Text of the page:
Martin Gramatica played for the National Football League as a kicker for Indianapolis, New England, Dallas and New Orleans. He was on the 2000 Pro Bowl squad and has a Super Bowl ring.
From his college days at Kansas State University, the Argentine-American was known as ‘Automatica Gramatica’ for his superb accuracy. In his day, it seemed almost impossible for him to miss a field goal or extra point. For him, adding points to the scoreboard became almost ritualistic.
While automatic field-goal kicking may be a desirable trait in the NFL, automatic worship to God is not. Yet, Judah had become automatic in its relationship with God. In Jeremiah 7:21-26 the Lord condemned the sacrifices Judah had been giving in almost mindless repetition.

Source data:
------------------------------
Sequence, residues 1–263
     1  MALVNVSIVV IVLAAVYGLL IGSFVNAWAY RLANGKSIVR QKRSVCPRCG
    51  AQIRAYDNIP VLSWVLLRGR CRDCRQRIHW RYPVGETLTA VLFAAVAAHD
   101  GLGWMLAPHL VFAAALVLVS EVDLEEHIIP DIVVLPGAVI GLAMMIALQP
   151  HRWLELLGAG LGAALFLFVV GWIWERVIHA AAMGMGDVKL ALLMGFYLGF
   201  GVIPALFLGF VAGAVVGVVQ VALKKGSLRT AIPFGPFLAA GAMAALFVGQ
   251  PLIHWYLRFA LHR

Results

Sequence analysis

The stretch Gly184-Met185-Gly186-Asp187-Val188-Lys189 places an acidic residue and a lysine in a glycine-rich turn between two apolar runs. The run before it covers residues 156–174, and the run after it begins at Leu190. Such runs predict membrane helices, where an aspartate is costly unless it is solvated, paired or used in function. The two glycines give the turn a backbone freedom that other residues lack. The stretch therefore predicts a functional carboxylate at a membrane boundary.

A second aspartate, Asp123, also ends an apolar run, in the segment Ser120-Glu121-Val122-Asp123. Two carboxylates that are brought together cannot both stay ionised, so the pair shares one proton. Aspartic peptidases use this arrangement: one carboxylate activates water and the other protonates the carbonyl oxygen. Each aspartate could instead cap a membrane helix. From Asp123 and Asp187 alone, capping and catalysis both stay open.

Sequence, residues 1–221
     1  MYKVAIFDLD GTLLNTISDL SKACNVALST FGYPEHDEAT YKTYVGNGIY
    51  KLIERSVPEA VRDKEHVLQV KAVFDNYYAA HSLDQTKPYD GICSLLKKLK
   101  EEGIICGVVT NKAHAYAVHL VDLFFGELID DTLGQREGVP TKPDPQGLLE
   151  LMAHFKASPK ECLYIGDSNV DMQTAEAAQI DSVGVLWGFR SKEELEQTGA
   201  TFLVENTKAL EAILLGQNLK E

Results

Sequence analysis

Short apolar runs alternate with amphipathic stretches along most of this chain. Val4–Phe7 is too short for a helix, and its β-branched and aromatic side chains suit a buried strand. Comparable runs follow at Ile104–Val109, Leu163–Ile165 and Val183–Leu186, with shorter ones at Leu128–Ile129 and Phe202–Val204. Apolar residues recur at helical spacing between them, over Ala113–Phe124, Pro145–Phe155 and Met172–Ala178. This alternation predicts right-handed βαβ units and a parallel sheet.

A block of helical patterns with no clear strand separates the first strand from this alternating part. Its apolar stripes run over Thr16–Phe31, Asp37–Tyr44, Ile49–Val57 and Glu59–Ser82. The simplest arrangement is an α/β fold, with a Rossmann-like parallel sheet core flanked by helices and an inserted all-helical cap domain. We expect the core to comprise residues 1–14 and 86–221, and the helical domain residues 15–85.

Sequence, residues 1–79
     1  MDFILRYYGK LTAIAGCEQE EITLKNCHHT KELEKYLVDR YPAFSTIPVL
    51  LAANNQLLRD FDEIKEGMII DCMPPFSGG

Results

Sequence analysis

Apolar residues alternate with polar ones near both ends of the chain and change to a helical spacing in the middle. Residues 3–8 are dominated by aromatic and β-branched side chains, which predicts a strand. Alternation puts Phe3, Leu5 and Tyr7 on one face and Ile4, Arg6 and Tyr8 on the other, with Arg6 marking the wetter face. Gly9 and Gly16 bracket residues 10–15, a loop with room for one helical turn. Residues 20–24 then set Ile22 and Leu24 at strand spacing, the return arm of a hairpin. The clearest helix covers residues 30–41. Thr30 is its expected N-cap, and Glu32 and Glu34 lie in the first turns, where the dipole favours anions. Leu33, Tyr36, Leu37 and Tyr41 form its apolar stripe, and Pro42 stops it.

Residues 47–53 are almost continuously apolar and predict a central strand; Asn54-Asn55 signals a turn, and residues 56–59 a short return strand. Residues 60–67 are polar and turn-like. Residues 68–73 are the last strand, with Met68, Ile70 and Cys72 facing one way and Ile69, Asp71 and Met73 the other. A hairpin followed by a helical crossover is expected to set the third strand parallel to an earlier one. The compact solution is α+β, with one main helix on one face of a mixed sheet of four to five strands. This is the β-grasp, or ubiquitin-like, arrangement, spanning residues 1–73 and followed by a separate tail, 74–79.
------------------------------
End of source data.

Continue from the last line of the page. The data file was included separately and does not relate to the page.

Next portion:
God told them, ‘Consider this: When I spoke to your ancestors after I brought them out of Egypt, I did not merely give them commands about burnt offerings and sacrifices. I also explicitly commanded them:‘Obey me. If you do, I will be your God and you will be my people. Live exactly the way I tell you and things will go well with you.’ But they did not listen to me or pay any attention to me. They followed the stubborn inclinations of their own wicked hearts. They acted worse and worse instead of better,” (Jeremiah 7:22-24 NET).
Their worship had become about offerings and sacrifices and not about devotion from their hearts. That devotion they gave to pursuing their wealth and living.
Are we becoming automatic in our worship? Has devotion to God been stamped out of our hearts so that we are more interested in our own pursuits? If so, we must repent and change. We must give to God our whole heart devoted only to him.
The psalmist wrote, “How blessed are those who observe his rules, and seek him with all their heart,” (Psalm 119:2 NET).